A further step the Government should take is to establish Sectoral Taskforces, as per the Programme for Government commitment.  This would allow stakeholders – notably, employees and employers – to identify productivity and innovation deficits, and facilitate consensus on the best policies to promote high-road enterprise activity.  A high-road future is a negotiated one.

In good times and bad, many businesses will struggle.  Against the background of this Charter we can introduce short-term and temporary supports to businesses who are committed to good company practices.  This would ensure that business subsidies are contributing to a resilient and sustainable enterprise base in our domestic sectors; and are being directed to companies that see employees, not as a cost, but as partners in promoting productivity and performance. 

The Irish economy is facing into considerable challenges:  climate change, AI and automation, and a low-growth future. This is in addition to our infrastructural deficits such as housing.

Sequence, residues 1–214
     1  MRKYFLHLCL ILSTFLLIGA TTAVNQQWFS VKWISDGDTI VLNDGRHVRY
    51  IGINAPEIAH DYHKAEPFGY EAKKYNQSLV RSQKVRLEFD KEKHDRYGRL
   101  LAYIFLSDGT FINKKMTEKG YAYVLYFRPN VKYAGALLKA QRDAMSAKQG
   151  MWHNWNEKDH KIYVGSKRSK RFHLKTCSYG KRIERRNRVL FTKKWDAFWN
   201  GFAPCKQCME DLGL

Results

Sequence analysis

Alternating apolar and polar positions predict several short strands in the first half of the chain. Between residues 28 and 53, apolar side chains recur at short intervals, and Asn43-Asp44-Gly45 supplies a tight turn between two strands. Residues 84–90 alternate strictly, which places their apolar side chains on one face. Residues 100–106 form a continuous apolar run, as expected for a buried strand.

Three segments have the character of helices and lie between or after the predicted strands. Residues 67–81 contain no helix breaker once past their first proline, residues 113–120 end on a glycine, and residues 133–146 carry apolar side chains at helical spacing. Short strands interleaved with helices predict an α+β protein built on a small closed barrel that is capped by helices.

We need to negotiate new pathways and ensure that all stakeholders, all sectors of society, benefit from increased prosperity. 

Most importantly, policy needs to be evidence-based; not relying on mere assertion and anecdote.

There are many strengths in the Irish economy that we can build on, to create a strong social state, good companies and greater diversity in decision-making.  Let’s not squander this opportunity.

This Sunday Read was written by SIPTU General Secretary, Joe Cunningham (pictured above) and an edited version appeared in the Irish Times.